French pianist Sebastien Paindestre—last heard on the French/American quartet Atlantico's En Rouge (La Fabrica'son, 2016)—leads his own trio in a mostly-original program. The liner notes credit a Fender Rhodes technician, and the opener "Scottish Folk Song" (by Walt Weiskopf) shows why. After introducing the tune on acoustic piano with double bassist Jean-Claude Oleksiak and drummer Antoine Paganotti (with the pastoral sound promised by the title) the Rhodes makes a dramatic entry with a distorted, highly electronic sound. It's very distinctive, almost like a synthesizer rather than a piano, and it brings out an aggressive side to Paindestre's soloing. The instrument performs a similar function on the third track, "Gaza-Paris-Jerusalem (For Peace)." There it is used both as a solo voice and as the voice of conflict during a brief unsettled section. The Beatles tune "Mother Nature's Son" gets a memorable jazz treatment next. The Rhodes is used to play the head, this time with a more conventional celeste-like bell sound. Bassist Oleksiak also gets a nice solo showcase.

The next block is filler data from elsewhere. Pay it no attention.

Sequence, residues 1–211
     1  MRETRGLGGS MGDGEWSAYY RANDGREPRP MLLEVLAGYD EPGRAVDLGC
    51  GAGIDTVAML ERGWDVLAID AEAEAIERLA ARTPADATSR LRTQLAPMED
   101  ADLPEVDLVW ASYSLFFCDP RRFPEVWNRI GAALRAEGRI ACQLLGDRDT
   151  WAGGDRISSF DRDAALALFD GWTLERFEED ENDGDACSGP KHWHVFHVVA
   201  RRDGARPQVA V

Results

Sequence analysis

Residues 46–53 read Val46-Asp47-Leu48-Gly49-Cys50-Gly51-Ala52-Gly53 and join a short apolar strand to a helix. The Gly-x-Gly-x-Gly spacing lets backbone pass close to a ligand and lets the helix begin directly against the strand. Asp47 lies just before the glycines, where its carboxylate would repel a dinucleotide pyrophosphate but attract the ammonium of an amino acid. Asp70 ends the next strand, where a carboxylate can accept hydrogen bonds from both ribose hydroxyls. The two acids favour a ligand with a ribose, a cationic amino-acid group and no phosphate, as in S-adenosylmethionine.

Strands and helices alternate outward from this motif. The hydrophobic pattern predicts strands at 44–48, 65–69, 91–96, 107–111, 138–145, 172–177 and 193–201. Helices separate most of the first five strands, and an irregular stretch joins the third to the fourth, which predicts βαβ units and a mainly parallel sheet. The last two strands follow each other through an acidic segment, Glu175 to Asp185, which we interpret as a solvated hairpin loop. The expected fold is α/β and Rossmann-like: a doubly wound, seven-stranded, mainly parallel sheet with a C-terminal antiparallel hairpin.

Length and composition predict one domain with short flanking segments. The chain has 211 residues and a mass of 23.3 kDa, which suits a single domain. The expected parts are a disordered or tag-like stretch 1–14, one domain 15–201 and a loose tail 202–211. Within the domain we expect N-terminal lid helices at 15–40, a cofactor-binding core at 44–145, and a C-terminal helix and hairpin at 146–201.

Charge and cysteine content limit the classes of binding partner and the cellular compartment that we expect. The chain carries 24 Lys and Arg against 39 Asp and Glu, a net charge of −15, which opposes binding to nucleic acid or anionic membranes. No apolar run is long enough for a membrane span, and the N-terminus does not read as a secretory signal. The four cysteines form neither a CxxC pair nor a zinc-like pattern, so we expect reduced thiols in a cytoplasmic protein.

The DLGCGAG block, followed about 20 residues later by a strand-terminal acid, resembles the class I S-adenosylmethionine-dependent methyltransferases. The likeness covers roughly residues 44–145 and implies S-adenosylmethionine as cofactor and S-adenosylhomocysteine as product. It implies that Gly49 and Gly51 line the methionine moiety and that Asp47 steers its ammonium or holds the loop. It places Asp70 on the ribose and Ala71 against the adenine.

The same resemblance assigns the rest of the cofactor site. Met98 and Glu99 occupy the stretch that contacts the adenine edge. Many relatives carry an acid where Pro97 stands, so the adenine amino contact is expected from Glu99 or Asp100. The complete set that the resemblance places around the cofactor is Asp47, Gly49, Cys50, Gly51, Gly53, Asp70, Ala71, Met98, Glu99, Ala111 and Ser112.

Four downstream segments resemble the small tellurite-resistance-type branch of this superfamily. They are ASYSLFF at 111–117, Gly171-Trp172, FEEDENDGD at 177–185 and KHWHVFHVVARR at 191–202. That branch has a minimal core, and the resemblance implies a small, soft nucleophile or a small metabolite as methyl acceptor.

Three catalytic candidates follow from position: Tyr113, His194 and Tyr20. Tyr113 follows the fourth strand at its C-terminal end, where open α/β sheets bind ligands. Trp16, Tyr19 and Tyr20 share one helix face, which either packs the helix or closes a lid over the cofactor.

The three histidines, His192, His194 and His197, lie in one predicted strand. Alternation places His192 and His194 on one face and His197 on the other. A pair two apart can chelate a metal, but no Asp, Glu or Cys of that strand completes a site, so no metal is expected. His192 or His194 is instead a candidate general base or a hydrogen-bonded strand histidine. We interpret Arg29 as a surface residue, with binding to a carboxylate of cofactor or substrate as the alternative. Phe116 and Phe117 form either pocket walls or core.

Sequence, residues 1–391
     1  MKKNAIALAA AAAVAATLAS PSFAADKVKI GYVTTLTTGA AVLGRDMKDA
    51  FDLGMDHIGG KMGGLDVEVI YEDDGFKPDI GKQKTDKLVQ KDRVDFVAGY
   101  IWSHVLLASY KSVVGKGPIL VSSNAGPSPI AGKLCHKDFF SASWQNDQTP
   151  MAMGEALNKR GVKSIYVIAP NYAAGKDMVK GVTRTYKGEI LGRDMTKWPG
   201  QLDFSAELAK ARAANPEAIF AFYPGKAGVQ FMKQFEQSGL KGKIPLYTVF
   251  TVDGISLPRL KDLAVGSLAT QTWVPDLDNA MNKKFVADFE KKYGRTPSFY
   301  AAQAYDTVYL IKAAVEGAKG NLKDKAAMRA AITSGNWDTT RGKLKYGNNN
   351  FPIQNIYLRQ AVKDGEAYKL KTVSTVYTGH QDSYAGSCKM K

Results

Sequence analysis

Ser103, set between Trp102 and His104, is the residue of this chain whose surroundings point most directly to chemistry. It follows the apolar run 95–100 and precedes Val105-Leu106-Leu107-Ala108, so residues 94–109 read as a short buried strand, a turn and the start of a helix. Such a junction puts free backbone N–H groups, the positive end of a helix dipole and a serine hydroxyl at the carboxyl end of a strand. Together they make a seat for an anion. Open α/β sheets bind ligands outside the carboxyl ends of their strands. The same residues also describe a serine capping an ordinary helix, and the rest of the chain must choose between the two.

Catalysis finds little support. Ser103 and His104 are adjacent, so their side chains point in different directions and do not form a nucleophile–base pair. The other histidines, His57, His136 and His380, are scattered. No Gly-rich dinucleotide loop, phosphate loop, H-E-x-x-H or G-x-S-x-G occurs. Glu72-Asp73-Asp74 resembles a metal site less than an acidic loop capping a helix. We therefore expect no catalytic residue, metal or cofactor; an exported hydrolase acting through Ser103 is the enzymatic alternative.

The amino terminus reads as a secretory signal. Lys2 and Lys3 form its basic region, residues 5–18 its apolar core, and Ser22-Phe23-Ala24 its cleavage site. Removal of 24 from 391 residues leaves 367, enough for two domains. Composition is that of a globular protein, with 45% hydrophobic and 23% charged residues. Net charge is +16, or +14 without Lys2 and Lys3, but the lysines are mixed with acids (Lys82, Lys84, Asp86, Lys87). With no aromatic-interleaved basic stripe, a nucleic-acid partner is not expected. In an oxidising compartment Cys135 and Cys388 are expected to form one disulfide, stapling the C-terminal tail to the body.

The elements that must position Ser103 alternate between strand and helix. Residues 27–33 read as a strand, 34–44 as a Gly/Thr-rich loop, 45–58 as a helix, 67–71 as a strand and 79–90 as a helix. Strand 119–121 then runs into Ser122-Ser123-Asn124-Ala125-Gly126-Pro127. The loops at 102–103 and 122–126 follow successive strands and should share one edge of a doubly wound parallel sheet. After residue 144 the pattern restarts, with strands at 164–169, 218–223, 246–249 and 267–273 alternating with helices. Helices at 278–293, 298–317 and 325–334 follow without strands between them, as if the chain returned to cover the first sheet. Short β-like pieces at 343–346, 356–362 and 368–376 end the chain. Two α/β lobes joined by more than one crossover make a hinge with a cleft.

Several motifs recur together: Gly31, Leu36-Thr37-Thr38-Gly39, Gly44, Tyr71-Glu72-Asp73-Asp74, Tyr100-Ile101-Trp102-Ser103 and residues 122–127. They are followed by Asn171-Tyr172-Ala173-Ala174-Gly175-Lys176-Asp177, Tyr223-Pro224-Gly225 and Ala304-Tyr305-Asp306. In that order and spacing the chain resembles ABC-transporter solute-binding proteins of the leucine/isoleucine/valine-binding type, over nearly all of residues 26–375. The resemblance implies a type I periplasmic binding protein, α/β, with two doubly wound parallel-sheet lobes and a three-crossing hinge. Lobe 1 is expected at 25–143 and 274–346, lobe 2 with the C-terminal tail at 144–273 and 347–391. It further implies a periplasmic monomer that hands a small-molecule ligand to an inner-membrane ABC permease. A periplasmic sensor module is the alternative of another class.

With the Beatles is a sequel of the highest order – one that betters the original by developing its own tone and adding depth. While it may share several similarities with its predecessor – there is an equal ratio of covers-to-originals, a familiar blend of girl group, Motown, R&B, pop, and rock, and a show tune that interrupts the flow of the album – With the Beatles is a better record that not only rocks harder, it's considerably more sophisticated…
Nominated for two Academy Awards, Richard Lester's "A Hard Day's Night" (1964) arrives on Blu-ray courtesy of Criterion. The supplemental features on the disc include original rerelease trailers for the film; documentary film produced by Walter Shenson; Richard Lester's early short film "The Running Jumping & Standing Still Film" (1960); audio commentary featuring various members of the film's cast and crew; exclusive new video piece featuring story editor and screenwriter Bobbie O'Steen and music editor Suzana Peric; Martin Lewis' documentary "Things They Said Today" (2002); and a lot more. The release also arrives with an illustrated booklet featuring an essay by critic Howard Hampton. In English, with optional English SDH subtitles for the main feature.
A big fan of The Beatles growing up in the 60s, Seth Swirsky noticed that whenever he heard someone relating a story about themselves and The Beatles, he was "all ears". So, starting in 2005, he sought out and filmed those with never before heard, "Beatles Stories".